The UK's beleaguered mid-market continued to make the news last week, as strength in the budget sector and a recovery in corporate travel put pressure on the provincial hotels in the middle.
As Akkeron Hotels was acquiring 10 sites from the administrators of Butterfly Hotels and Crowne Hotels, Whitehall Real Estate, a Goldman Sachs fund, failed in attempts to agree a debt restructuring deal on 14 Queens Moat House hotels.
The news that KPMG had been appointed to look at loan enforcement options marked another rung downwards on the ladder for QMH, which was one of the highest profile collapses in Europe of the 1990s recession.
There is £107m of debt secured against the hotels, which trade under Crowne Plaza and Holiday Inn brands and are part of a portfolio of 28 hotels purchased by Whitehall Real Estate in 2005. This debt has been extended once, in February 2010.
Debt servicer Capital Asset Services (Ireland) said that talks over the loan, which is due to mature on 23 February, were no longer being pursued. The group said that it estimated that, should it pursue loan enforcement, it would take between six months and a year to recover the money. However, it also said that a sale would pay the loan in full, with the estate thought to have been valued at around £230m.
At its peak, QMH was formed of around 190 hotels, in 11 countries. However, after a scandal around dubious accounting practices, an asset write-down and the firing of its board in 1993, it underwent a major restructuring in 1994, over 18 months after its shares were suspended The move saw £1.2bn of debt rescheduled, £200m of which was converted to equity.
The move failed to end the story for QMH, which was in breach of its banking covenants in October 2003 and failed to publish its full-year accounts. It was at this point that Goldman Sachs stepped in, in a deal which saw Westmont Hospitality take over management of the hotels, which at that point numbered 80, in the UK, the Netherlands and Germany.
Following the sacking of three directors and the chairman in 1993 – a High Court judge ruled found them guilty of preparing 'seriously misleading' accounts; making false representations to the stock market, concealing 'dubious' deals and entering into 'wholly artificial' transactions – Andrew Coppell was bought in as CEO, a role he stayed in for a decade. Coppell has most recently bought his restructuring skills to bear at Alternative Hotel Group – itself now subject to sale rumours – in its £650m debt-for-equity swap with Lloyds Banking Group in March last year.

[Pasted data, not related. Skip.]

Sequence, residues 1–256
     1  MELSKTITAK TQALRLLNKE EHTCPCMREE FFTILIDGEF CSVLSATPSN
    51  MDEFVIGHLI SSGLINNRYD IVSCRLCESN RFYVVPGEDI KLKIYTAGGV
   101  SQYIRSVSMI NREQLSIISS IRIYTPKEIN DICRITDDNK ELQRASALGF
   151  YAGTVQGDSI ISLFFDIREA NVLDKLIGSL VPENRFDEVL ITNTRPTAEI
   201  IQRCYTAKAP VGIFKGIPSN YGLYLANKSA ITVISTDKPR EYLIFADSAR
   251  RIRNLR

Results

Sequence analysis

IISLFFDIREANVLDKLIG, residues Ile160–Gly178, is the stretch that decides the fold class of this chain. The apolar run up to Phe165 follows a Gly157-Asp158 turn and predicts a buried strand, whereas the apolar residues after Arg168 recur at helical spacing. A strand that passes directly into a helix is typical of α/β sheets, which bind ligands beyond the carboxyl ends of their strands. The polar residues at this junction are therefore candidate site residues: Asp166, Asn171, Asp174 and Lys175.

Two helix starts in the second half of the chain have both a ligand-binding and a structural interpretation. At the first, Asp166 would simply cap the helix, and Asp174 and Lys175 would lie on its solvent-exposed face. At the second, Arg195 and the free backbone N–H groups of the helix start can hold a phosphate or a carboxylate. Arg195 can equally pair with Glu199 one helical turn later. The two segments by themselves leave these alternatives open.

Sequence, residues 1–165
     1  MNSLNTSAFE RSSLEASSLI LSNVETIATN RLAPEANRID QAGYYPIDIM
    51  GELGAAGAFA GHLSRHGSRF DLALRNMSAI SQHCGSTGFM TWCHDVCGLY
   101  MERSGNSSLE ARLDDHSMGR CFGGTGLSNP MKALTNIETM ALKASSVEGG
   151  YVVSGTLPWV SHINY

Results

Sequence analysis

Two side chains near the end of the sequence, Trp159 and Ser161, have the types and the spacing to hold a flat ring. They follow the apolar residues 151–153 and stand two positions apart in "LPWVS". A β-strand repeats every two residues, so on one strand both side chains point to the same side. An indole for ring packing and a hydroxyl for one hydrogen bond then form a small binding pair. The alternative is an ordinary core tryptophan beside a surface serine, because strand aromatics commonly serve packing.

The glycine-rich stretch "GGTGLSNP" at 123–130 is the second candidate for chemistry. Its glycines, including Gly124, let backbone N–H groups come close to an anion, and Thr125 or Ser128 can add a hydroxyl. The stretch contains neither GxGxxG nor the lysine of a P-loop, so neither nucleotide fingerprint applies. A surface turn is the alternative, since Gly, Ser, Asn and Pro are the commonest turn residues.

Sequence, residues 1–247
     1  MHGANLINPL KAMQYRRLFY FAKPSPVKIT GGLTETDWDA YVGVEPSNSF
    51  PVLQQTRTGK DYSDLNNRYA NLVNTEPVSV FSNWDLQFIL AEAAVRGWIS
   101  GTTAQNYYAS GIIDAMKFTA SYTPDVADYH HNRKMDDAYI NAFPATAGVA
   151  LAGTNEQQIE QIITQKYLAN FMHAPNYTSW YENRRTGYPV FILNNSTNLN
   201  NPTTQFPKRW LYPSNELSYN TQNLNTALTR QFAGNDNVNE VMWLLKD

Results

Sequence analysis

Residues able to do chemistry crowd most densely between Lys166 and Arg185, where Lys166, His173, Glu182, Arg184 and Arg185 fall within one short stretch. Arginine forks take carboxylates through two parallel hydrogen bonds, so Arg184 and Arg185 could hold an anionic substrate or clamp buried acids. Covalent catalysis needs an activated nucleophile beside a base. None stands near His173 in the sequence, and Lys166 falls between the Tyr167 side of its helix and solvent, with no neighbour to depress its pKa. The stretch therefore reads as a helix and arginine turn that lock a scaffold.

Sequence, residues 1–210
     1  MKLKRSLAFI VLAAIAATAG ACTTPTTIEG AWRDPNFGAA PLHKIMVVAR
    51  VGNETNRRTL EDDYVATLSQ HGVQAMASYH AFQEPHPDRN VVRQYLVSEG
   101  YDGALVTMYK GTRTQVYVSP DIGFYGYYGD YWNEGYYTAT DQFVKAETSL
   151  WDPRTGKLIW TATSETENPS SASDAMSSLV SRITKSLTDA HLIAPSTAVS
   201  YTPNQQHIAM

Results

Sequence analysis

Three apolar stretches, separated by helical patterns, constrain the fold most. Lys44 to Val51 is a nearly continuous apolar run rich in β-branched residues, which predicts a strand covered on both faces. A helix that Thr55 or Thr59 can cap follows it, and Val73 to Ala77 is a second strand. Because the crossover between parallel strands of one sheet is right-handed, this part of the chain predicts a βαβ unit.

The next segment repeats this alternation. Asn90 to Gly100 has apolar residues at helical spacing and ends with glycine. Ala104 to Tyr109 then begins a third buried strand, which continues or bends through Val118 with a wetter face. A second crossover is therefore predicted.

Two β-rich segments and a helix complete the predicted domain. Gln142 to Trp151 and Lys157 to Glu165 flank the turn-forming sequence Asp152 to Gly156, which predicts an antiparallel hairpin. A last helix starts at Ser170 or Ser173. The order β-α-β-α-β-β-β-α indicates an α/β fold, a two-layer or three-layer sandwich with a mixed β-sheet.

One company which could show an interest in the portfolio, should it come to market, is Akkeron, which continued to show a taste for pressured mid-market hotels with its deal to buy 10 sites from Butterfly Hotels and Crowne Hotels. The deal saw it increase its estate to 36, many of which are, like the QMH portfolio, under the Holiday Inn Express brand. Matthew Welbourn, MD, described Butterfly as "an unfortunate victim of the recession".
Akkeron has been active over the past few months, acquiring the 18-strong Forestdale Hotels in December. The group entered the regional UK market in 2009 with the purchase of eight Folio hotels from Mulbourn Hotels.
Welbourn added that the Butterfly acquisition provided "the initial phase of the third leg of our mid-scale business, bringing to the group a portfolio of hotels that trade under international brands". The group has aspirations towards a 150-strong portfolio, operating outside London in the UK provinces, comprising a blend of ownership, leases and management contracts.
For Welbourn, acquiring the remains of QMH would have a special resonance. Prior to joining Akkeron, he was operations director at the group from the restructuring in 1994, to 2006. Twelve years in which he will have learned many lessons about the UK provincial market.
HA Perspective: It is wrong to equate mid market with disaster but that is precisely how the segment finds itself labelled in many quarters.
This is not so much a function of being squeezed between economy hotels from below and upscale from above but from the fact that so many properties are under invested, over leveraged or both.
That said, the way out for many mid market hotels is still far from clear. Simply refinancing and shuffling around a few badges over the top of the properties is unlikely to result in a radical transformation of the underlying business.
Perhaps the likes of Akkeron have a master plan to revolutionise the segment. If there is one, it has yet to be made clearly visible.